Kochi has taken to reading in new ways

Feb 7, 2024


Panampilly Nagar’s Central Park becomes a hub of people reading books over weekends, come rain or shine

Panampilly Nagar’s Central Park becomes a hub of people reading books over weekends, come rain or shine
| Photo Credit: Kochi Reads

Book in a park

Reading under the shade of trees and the blue sky in a garden would seem like an impossible dream for those living in the city. But two reading initiatives Kochi Book Reading Club and Kochi Reads have been facilitating exactly that every weekend. The members of the former meet every Saturday and the latter every Sunday at Kochi’s own Central Park at Panampilly Nagar to read as a community. Kochi Reads came to be in June, 2023, when group curator Gopika Manjusha, a content creator, heard that Bengaluru’s reading initiative, Cubbon Reads, was looking for curators in Kochi. What started out with five-odd people today has 65-70 people, with around 10-15 showing up for the sessions. 

“We have people come in all the way from North Paravur and Muvattupuzha for the weekend sessions,” Gopika says. These start at 3pm and wrap up between 6-6.30pm. Kochi Book Reading Club stresses on silent reading. Curated by Vachas Amrita (founder) and Nidhin M, the group has an average of 20-odd members show up for the sessions, which are from 4.30pm-6.30pm. Unlike reading groups which mandate that members read the same book, there are no such conditions here. The point is reading. “The ambience is ready, we want to inculcate reading,” says Nidhin. On occasion there are reading-related activities such as book discussions. “People can talk about a book they’ve read or are reading. It is not necessary that everybody has read the book being talked about,” he adds. The group is also planning a book-based film screening. On days the weather is inclement the groups move to cafes in the vicinity. 

A scene at Granthapura

A scene at Granthapura
| Photo Credit:
Special Arrangement

The joy of a book

“What started as a project to reach out to a group of people who love reading a physical book has now grown into a thriving community of readers,” says Alex Joseph, founder of Granthapura. Launched 12 years ago in Panampilly Nagar, the library today has expanded to two other branches – in Tripunithura and Kakkanad – indicating an increased interest in reading in the city. “The library has a special focus on younger readers – 35% to 40% of books are aimed at the younger demographic. We have observed that parents who get memberships for their children eventually become readers. They start with a self-help book perhaps and then move on to other books,” adds Alex.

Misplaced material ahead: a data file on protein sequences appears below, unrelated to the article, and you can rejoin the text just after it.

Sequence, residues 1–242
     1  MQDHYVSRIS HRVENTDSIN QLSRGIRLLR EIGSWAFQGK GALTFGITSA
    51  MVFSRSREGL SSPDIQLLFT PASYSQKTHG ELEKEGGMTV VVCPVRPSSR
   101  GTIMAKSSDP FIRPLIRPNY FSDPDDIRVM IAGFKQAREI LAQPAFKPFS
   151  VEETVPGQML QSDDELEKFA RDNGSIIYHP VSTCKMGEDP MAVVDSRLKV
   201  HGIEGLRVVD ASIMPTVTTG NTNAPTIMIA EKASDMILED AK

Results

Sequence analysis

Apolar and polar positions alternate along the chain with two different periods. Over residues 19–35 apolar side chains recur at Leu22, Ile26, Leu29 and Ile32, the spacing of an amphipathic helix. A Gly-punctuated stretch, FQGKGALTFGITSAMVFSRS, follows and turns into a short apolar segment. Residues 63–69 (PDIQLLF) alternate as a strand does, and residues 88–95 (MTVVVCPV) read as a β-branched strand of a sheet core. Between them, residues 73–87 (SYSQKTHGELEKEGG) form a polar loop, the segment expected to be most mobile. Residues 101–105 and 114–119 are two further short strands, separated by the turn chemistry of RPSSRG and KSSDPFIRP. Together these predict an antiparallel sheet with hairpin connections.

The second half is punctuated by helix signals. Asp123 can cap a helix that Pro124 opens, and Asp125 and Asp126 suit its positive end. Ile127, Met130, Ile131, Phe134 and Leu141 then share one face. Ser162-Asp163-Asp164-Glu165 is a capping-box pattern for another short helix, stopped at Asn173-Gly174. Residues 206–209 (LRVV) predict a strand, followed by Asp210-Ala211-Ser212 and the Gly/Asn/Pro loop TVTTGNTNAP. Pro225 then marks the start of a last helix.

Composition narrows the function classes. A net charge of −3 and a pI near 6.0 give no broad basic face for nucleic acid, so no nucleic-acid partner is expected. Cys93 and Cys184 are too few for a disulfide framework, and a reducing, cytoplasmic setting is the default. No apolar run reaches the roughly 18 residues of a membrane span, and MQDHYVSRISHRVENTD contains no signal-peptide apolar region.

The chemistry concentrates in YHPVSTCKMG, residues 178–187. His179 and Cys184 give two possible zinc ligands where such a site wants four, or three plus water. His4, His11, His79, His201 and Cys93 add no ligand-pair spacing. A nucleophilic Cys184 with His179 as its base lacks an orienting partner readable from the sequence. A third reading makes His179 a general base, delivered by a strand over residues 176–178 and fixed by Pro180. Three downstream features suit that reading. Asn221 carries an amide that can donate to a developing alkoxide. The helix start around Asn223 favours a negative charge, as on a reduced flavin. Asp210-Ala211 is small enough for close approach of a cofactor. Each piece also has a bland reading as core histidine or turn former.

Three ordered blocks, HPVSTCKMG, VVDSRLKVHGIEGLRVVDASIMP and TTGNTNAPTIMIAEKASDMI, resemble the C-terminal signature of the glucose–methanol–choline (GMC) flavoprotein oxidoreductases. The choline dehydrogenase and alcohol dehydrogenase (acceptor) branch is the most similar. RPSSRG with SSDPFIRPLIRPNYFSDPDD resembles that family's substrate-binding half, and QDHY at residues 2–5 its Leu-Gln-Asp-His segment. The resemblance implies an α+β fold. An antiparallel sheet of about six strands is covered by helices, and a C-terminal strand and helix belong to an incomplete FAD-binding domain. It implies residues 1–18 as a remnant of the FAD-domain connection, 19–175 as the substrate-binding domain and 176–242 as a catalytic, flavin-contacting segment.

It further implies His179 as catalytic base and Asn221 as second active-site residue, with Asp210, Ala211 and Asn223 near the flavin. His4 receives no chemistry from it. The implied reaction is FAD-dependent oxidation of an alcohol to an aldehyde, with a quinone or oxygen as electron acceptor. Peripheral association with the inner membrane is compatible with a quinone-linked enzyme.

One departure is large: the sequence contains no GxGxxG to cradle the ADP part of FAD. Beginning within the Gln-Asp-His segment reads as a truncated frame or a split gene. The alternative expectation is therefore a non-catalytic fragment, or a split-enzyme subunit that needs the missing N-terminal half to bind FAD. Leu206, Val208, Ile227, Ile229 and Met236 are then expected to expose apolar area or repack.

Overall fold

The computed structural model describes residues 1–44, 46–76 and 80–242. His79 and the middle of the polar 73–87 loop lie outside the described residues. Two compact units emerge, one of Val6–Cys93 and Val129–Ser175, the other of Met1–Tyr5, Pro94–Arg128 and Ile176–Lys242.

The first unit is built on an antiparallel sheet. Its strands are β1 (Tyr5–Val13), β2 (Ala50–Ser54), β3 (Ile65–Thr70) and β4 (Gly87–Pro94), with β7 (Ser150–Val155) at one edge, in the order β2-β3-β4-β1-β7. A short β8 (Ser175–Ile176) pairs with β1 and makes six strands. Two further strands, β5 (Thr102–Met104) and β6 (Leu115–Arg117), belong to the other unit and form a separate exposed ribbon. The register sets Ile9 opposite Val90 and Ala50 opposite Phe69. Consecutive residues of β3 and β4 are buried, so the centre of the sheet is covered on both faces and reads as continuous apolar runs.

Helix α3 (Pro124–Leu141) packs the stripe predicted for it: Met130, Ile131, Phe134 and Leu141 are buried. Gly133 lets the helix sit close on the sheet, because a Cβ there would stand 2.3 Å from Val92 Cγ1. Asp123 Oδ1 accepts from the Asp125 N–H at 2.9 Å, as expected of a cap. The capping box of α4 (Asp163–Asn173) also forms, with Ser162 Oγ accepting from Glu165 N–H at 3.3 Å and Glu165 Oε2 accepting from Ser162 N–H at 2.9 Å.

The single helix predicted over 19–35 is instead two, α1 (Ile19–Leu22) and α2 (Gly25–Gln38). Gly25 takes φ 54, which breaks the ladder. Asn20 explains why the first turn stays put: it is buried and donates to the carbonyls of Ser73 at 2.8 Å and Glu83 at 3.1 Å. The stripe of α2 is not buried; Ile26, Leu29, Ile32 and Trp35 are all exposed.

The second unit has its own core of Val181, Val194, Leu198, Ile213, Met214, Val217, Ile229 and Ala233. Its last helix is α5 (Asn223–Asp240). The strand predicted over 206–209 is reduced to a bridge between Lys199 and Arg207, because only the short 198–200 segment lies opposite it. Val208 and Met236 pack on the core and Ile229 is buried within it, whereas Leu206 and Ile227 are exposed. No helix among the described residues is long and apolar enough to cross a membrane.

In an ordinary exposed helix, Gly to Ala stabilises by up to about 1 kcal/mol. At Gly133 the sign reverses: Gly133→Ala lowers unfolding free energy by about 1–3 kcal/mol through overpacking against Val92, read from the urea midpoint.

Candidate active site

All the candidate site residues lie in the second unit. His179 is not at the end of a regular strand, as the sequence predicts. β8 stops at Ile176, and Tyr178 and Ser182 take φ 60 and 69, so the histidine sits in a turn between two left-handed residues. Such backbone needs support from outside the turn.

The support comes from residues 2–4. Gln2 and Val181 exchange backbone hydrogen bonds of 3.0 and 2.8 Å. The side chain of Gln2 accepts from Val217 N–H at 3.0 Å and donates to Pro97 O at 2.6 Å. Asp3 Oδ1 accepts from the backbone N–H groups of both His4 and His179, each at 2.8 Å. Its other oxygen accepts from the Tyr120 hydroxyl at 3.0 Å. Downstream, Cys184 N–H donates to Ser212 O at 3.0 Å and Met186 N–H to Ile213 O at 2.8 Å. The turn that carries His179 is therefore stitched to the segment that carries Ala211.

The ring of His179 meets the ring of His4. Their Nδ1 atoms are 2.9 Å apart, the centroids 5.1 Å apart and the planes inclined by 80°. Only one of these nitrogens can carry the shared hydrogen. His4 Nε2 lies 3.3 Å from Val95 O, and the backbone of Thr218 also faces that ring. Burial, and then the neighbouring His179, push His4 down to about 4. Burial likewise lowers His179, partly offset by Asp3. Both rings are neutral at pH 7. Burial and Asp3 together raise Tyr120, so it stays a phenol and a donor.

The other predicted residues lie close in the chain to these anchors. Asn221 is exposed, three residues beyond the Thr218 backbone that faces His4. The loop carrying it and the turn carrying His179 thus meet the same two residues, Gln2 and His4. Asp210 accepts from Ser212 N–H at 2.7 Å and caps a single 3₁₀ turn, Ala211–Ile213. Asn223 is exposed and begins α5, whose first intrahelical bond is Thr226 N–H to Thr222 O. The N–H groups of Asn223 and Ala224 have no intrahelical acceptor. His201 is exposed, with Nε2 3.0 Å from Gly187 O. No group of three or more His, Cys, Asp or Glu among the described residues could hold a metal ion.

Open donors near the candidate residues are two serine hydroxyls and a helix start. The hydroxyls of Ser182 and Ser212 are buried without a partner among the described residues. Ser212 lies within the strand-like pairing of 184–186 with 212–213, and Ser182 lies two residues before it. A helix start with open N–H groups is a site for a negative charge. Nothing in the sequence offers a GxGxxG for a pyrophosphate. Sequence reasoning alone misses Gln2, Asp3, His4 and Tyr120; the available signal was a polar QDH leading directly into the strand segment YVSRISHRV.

Granthapura has been modelled as a retail space, and is in the process of creating an open-air space outside for members to get together and read.

Inside Dragon’s Den

Inside Dragon’s Den
| Photo Credit:
Special Arrangement

Catching them young

Dragon’s Den, a newly-opened reading room for children at the Kerala museum evolved from the museum’s summer camps, which were filled with reading, story-writing, skits and dramas. The enthusiastic response from the children and the parents led to the idea of having a permanent space for reading, says museum director Aditi Nayar. The team put together a collection from donated books and Funky Rainbow, a travelling children’s bookshop curated a collection which covers everything from picture books to books for young adults. The team converted some old furniture into shelves and the reading room shaped up as a space where children can come in and spend time browsing through the books. “The books we have are not mainstream, they mostly are connected to art and history and promise to broaden the reading horizons of young readers,” adds Aditi. 

Book exchange

A group of women readers have created a space for women to get together at Studio Mirabilis in Panampilly Nagar. Every last Saturday of the month, there is a meeting and some people bring books. This gradually evolved into an informal exchange of books, conversations and ideas, says Mini Menon, a guest faculty at the Mathrubhoomi Media School and designer and founding partner of Studio Mirabilis. “This organically evolved into a cultural space and we are in the process of getting people to contribute books,” adds Mini.

Reading online

According to a survey done by Pratilipi, an Indian online self-publishing and audiobook portal, which has content in over 12 languages, Kochi leads in terms of consumption with 14% followed by Mumbai at 9.47% and Pune at 8.87%. Kerala has the highest reads with 16.3% in December 2023. 

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